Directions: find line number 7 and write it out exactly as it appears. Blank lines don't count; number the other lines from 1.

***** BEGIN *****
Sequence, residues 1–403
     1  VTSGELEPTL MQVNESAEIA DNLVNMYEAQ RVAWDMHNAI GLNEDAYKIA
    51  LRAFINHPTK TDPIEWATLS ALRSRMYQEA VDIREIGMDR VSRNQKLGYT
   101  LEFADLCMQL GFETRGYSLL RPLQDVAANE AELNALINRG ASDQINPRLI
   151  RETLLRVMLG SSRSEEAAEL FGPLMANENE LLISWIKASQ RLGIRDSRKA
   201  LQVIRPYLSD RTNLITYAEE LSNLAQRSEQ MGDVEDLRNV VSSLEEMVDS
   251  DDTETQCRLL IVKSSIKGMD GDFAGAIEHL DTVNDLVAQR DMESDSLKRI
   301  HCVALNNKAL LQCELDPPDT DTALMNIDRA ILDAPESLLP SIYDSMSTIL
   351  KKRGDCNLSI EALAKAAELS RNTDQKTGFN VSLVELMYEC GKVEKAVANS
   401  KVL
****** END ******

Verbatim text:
   251  DDTETQCRLL IVKSSIKGMD GDFAGAIEHL DTVNDLVAQR DMESDSLKRI